Up the stairs there is a framed hand colored two-page illustration from Beer’s 1871 History of Ulster County. Such illustrations are around but I’ve never seen a hand colored version of anything in this book. To my untrained eye the coloring looks old. It is certainly interesting, depicting a scene a scant 2 miles from his house, down on the water drifting west on the Rondout Creek toward Eddyville. This is local history at the cellular level. The scene is of what was once a blue stone company, backed up against the water where material bargained and sold was settled onto barges to be poled out to the Hudson and then sent either north to Albany and the Erie Canal or down toward New York City and beyond.
Upstairs I see that Steve has other interests. There is a room of toys, all manner of children’s collectables. Down the hall there are period clothes. My Mother would have liked them for the memories they’d stir of her days between the first and second wars but she also never saw a particle of dust she could tolerate and the dust [I think we’re leaving footprints] would have triggered a 10 on her Richter scale.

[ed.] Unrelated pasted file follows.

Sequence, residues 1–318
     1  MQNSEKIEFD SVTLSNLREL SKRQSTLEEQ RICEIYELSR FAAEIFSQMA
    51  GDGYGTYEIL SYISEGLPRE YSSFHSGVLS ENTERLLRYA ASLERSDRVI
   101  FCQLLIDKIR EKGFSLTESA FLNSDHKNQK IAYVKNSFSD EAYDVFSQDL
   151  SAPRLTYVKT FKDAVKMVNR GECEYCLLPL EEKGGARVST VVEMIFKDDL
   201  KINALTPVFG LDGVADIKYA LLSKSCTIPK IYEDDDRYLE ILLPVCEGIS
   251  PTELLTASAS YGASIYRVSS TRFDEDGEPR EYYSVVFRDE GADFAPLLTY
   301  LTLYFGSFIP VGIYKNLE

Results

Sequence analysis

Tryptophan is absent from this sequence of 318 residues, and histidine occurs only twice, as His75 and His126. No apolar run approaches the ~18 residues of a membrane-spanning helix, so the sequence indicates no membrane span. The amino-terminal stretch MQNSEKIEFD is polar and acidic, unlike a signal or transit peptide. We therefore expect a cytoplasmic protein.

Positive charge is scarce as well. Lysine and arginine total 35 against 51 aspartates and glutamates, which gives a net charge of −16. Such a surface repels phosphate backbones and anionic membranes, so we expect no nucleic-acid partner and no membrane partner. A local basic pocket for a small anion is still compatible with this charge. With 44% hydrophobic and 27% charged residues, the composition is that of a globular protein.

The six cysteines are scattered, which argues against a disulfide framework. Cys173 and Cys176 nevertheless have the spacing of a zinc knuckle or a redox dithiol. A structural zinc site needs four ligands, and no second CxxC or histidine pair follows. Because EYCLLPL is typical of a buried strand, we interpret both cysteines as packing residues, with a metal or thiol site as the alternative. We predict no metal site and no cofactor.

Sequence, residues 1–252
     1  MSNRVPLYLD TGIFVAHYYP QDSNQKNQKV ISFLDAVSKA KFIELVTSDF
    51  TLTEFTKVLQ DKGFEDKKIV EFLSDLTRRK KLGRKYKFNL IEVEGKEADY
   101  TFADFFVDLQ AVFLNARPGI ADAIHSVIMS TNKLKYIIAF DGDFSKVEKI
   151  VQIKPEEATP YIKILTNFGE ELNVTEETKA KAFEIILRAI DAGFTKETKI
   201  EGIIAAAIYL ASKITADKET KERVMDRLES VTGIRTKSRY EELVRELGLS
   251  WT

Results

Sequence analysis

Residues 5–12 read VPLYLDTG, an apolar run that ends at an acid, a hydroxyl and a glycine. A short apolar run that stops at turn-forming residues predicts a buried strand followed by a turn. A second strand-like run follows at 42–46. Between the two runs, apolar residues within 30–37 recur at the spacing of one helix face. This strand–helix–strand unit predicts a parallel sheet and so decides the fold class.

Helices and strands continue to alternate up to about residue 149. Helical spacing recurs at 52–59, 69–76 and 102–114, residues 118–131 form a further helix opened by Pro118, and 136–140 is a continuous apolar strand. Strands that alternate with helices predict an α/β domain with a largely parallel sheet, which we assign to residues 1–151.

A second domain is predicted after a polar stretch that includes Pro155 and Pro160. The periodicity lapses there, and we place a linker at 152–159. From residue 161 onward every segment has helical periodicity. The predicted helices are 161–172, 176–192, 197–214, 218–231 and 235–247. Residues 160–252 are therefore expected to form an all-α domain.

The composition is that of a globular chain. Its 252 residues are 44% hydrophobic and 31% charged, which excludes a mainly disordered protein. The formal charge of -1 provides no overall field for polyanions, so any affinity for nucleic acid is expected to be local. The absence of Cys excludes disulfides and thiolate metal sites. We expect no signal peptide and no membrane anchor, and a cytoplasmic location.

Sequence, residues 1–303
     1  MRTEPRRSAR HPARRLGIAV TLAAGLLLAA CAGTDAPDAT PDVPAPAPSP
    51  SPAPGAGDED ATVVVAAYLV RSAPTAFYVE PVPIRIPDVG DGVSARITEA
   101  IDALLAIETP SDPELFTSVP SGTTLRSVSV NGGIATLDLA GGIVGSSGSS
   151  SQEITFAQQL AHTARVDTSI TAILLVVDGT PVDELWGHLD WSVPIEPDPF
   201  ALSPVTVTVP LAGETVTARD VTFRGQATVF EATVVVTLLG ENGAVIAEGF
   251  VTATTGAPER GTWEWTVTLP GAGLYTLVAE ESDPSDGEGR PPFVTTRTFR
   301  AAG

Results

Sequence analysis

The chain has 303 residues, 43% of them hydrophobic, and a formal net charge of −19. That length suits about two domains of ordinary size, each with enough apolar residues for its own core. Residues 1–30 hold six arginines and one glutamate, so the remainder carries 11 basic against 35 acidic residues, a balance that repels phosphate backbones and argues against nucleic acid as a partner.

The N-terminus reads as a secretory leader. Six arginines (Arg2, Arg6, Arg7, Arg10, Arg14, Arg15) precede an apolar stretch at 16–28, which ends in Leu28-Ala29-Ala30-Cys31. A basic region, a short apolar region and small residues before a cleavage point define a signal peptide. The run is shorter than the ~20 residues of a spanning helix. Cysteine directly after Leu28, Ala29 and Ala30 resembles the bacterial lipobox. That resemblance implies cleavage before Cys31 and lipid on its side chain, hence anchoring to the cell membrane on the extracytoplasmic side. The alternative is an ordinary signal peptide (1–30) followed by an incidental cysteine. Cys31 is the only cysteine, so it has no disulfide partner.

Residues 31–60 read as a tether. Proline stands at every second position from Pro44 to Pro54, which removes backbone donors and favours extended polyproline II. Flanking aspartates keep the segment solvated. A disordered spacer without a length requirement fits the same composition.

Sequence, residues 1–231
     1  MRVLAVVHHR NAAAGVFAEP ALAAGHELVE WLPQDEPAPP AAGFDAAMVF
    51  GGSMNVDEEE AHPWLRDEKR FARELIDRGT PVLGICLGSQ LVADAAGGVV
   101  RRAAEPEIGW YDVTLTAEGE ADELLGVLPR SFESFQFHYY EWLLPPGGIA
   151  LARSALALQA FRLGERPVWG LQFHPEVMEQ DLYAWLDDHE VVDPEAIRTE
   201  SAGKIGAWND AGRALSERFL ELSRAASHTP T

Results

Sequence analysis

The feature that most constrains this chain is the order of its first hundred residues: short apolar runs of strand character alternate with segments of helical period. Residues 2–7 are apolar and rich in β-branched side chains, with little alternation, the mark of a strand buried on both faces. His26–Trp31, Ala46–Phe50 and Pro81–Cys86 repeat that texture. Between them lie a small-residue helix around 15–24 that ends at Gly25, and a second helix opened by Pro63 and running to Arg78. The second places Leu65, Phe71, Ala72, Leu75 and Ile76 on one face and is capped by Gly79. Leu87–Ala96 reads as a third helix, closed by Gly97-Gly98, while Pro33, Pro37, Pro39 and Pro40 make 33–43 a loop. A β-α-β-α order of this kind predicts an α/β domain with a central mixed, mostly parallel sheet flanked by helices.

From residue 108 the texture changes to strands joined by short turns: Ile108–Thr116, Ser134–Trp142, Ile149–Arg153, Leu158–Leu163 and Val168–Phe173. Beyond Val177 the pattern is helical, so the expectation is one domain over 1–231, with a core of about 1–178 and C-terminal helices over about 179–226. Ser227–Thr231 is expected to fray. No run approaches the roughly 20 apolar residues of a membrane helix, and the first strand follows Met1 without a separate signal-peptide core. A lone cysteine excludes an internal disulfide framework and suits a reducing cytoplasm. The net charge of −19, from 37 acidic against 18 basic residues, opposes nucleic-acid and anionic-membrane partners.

On the way down the stairs without making eye contact I offer $500 for the hand colored illustration. He says “nah” and I proceed to wrap up the visit, talking about payment and shipping and what I hope he’ll someday uncover. Heading toward the door he says okay. “Okay, okay. I like that print but I’ll sell it.”
Ten days later I’m home and the UPS man rings the bell and delivers two boxes. Steve has packed the photographs and the print well and they are ready for a new home. And I’m very happy to have them. My living room is homage to Rondout, a mostly forgotten place, which is as alive for Steve as it is for me.